The core of our study is the analysis of gender inequality in sports arbitration, in particular the rules for appointment of CAS arbitrators. The authors’ standpoint is that while reviewing decisions taken by sports governing bodies, CAS performs regulatory functions that go beyond private law dispute settlement. However, not only recent research shows that the lack of women representation among CAS arbitrators is more concerning than in other international courts and tribunals, but also that these women were appointed less times in comparison with male arbitrators. Additionally, a significant share of the appointments was given to the same female arbitrators. The first proposal we put forward to reform the current appointment system of CAS arbitrators addresses the possibility of increasing the share of women panel presidents. Second, we propose abolishing party-appointments in sports arbitration.
Unlike other European legal orders, Portugal does not have an Infectious Diseases Protection Act in force specifically tailored to enable the approval of administrative measures by the executive during a pandemic. Instead, the legislative framework in this regard is thinner, consisting of atomistic norms contained in the Health Framework Law, the Civil Protection Framework Law, and the Public Health Surveillance Act. During the COVID19 pandemic crisis, the Portuguese Government approved a set of limitations to fundamental rights via administrative regulations based on such legal norms. Their constitutionality – more specifically, their legality – was many times contested in the Supreme Administrative Court via fundamental rights injunctions and interim relief requests. This paper analyses the case-law of the Supreme Administrative Court in these matters.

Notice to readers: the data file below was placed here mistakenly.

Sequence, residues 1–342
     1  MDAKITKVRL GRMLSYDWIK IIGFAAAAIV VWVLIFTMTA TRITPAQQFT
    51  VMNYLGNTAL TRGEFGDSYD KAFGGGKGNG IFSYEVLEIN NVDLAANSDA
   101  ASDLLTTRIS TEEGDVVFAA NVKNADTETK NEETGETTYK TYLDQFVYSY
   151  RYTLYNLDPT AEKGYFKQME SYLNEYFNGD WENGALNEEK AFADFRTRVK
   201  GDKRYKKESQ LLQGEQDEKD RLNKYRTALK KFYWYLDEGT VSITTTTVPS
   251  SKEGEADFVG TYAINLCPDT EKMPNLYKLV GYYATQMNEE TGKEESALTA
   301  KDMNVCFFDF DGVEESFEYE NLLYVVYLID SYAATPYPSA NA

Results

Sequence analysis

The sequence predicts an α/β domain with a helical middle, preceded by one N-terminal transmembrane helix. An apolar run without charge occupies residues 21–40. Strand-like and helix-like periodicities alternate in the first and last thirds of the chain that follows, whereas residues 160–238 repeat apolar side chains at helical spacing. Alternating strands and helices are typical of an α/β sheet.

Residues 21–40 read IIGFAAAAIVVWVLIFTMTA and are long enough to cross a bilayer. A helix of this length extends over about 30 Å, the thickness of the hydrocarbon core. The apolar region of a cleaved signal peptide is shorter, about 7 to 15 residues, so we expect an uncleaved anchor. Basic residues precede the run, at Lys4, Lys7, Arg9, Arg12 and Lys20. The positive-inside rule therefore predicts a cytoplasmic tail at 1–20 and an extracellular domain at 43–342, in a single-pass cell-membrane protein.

It is by now evident that the COVID-19 pandemic posed new challenges to the foundations of Public Law, namely to the rule of law and separation of powers. Although the use of emergency powers by the Executive is not new to constitutional theory, in Portugal during these last two years the Government became the leading legislator in what concerns restrictions of fundamental rights. This provides food for thought concerning the extent and oversight of executive rule-making powers.
Through an analysis of some relevant constitutional case-law, this paper aims to understand how the specific constitutional framework regarding fundamental rights restrictions as well as the measures adopted to contain the spread of Covid-19 (such as stay-at-home measures, curfews or social distancing) led the country to a fall from the category of 'fully democratic country' to 'democracy with flaws.', according to The Economist’s Democracy Index 2020 and 2021 editions.